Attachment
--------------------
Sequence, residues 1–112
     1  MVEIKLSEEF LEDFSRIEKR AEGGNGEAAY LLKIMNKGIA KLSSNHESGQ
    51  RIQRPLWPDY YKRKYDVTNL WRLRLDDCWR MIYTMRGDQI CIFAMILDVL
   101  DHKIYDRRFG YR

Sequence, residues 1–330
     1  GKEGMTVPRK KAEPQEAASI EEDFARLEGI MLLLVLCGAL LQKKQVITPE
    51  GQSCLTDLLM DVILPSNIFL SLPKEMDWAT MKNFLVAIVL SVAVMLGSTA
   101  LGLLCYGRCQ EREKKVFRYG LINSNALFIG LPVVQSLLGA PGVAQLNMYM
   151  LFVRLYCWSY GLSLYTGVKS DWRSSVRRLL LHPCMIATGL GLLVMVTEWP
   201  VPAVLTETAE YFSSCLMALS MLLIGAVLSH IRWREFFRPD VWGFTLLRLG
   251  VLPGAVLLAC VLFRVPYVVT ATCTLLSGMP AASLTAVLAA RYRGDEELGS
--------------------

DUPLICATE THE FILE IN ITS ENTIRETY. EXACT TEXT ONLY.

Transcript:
Sequence, residues 1–112
     1  MVEIKLSEEF LEDFSRIEKR AEGGNGEAAY LLKIMNKGIA KLSSNHESGQ
    51  RIQRPLWPDY YKRKYDVTNL WRLRLDDCWR MIYTMRGDQI CIFAMILDVL
   101  DHKIYDRRFG YR

Sequence, residues 1–330
     1  GKEGMTVPRK KAEPQEAASI EEDFARLEGI MLLLVLCGAL LQKKQVITPE
    51  GQSCLTDLLM DVILPSNIFL SLPKEMDWAT MKNFLVAIVL SVAVMLGSTA
   101  LGLLCYGRCQ EREKKVFRYG LINSNALFIG LPVVQSLLGA PGVAQLNMYM
   151  LFVRLYCWSY GLSLYTGVKS DWRSSVRRLL LHPCMIATGL GLLVMVTEWP
   201  VPAVLTETAE YFSSCLMALS MLLIGAVLSH IRWREFFRPD VWGFTLLRLG
   251  VLPGAVLLAC VLFRVPYVVT ATCTLLSGMP AASLTAVLAA RYRGDEELGS